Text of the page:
In-depth reviews

Vauxhall Viva (2015-2019) review - Interior, design and technology

Looks sensible rather than interesting inside and out, but there’s no doubting the kit list and quality

The Vauxhall Viva looks nothing like the old HA, HB and HC Vivas it shares its name with – Vauxhall has shunned the retro theme that MINI and Fiat are caught up in right now. Instead, the Viva looks like a conventional city car.

The overall profile is very similar to a Hyundai i10, but the small Vauxhall has a smart and unpretentious look that should appeal to most buyers in this price range. Sloping shoulder lines, slashes along the doors and an attractive rear-end ensure the Viva doesn’t look like a bargain basement model.

It’s not got much in the way of style or character, though, and the list of personalisation options for the exterior is measly.  If you want to stand out, a Renault Twingo or Toyota Aygo are a better bet. Alternatively, the jacked up looks and exclusive alloy wheels of the Viva Rocks could swing you. 

The inside carries on with the smart and classy theme, with an attractive dashboard layout, instruments borrowed from more expensive Vauxhalls and gloss-black plastic on the centre console.  The plastics are hard and scratchy to the touch, but you would expect that from a car of the price, although like the outside it’s disappointing there are no extra colour choices to enliven the expanse of dark materials.

The Viva is well equipped, however. Remote central locking, cruise control, electric windows and mirrors and a trip computer are all standard, but buyers will want to spend an extra £500 on air-conditioning – you’ll struggle to sell one on without it. SL spec, with its leather steering wheel, leather-effect seat trim, climate control and alloys packs in a decent amount of kit. We’d probably save that and opt for the IntelliLink system, though. 

Sat-nav, stereo and infotainment

Vauxhall is ahead of rivals in this area, at least in terms of the optional system on offer. SE models get a fairly basic FM radio with pre-sets and a dot-matrix screen, plus audio controls on the steering wheel. There’s no Bluetooth or USB connectivity as standard.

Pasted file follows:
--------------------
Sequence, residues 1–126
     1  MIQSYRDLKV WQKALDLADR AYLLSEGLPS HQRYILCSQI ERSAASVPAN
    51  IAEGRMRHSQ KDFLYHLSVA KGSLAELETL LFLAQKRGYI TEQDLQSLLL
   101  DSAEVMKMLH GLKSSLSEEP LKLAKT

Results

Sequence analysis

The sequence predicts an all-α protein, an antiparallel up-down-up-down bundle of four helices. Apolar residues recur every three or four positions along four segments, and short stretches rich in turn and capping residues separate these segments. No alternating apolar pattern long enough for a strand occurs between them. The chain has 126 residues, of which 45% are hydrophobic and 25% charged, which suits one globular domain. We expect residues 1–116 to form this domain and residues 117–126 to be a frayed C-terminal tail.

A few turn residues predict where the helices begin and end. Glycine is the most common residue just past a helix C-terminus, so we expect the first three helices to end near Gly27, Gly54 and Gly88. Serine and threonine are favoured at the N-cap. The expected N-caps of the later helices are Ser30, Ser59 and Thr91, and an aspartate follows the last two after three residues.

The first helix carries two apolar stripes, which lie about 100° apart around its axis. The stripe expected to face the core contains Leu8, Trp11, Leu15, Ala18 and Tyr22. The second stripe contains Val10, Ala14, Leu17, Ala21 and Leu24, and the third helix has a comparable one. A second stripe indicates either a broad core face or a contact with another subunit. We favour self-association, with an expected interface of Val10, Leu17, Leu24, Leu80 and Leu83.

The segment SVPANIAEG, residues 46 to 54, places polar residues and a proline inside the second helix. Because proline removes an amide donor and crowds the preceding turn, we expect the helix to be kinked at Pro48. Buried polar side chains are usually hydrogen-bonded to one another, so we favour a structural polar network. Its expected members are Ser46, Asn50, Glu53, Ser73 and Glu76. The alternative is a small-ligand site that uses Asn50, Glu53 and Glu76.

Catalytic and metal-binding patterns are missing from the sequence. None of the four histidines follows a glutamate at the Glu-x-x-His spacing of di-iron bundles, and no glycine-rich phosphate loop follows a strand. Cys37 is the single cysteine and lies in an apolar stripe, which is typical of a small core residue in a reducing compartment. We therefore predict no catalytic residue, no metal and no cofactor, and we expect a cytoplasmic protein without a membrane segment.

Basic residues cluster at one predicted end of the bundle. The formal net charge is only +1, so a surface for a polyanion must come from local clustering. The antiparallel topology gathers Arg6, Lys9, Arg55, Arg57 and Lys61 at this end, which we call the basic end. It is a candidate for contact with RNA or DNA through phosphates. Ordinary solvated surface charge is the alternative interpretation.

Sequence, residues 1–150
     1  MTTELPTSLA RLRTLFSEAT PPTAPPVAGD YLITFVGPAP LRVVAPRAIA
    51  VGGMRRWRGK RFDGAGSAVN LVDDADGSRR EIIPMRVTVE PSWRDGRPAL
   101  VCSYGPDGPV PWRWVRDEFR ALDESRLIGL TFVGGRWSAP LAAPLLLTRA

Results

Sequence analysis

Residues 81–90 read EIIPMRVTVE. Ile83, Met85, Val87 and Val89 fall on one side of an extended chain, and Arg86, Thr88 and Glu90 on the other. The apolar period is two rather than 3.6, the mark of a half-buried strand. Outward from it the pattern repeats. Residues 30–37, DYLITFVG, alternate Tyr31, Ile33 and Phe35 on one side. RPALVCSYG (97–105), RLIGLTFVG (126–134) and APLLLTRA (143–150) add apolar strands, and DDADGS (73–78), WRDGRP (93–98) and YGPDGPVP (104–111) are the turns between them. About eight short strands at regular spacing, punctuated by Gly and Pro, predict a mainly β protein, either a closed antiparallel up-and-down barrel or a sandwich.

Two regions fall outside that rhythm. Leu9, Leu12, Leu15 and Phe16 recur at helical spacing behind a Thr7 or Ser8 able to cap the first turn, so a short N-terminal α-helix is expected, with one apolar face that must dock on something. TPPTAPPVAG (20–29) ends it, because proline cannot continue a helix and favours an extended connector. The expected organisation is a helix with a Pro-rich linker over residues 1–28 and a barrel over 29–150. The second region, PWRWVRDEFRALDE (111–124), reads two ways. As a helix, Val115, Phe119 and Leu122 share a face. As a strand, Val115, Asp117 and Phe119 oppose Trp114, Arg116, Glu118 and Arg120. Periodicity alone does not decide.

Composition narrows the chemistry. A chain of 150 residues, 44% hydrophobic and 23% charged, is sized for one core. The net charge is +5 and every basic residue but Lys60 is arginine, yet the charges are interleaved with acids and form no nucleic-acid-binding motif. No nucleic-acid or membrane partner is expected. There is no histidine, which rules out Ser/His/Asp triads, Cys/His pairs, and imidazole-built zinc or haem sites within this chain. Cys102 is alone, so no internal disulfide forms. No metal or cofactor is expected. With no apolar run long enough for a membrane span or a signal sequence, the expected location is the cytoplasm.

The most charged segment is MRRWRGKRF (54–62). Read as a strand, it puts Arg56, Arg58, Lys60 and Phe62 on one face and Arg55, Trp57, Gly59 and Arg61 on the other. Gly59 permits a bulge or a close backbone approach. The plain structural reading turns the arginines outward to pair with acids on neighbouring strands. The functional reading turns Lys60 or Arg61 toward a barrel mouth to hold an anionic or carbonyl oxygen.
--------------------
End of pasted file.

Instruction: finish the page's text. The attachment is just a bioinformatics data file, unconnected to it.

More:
Vauxhall’s neat IntelliLink system puts it ahead of city car competition. While the standard R300 BT Radio is a straightforward unit that offers Bluetooth and USB connectivity, around £450 added the brand’s intuitive touchscreen arrangement.

Featuring a large seven-inch screen with crisp graphics, the R4.0 system is packed with useful features, including Apple CarPlay and Android Auto. These systems allow you to seamlessly link your smartphone and access all its features while on the move. The upgrade also includes a DAB radio tuner. The unit is simple to use, thanks to its clear layout.

Most Popular

New 2021 BMW M3 launched with huge grille and 503bhp
BMW 3 Series M3 Coupe

New 2021 BMW M3 launched with huge grille and 503bhp

The new sixth-generation BMW M3 Competition saloon gets a 503bhp straight-six engine and four-wheel-drive
22 Sep 2020
New 2020 Volkswagen ID.4 electric SUV revealed with up to 323 miles of range
Volkswagen ID.4

New 2020 Volkswagen ID.4 electric SUV revealed with up to 323 miles of range

The new Tiguan-sized Volkswagen ID.4 electric SUV becomes VW’s second ID. model, rivalling the Tesla Model Y
23 Sep 2020
New Range Rover Velar PHEV launched with 33-mile electric range
Land Rover Range Rover Velar

New Range Rover Velar PHEV launched with 33-mile electric range

Land Rover has given the Range Rover Velar an update, with a new plug-in hybrid powertrain and an improved infotainment system
23 Sep 2020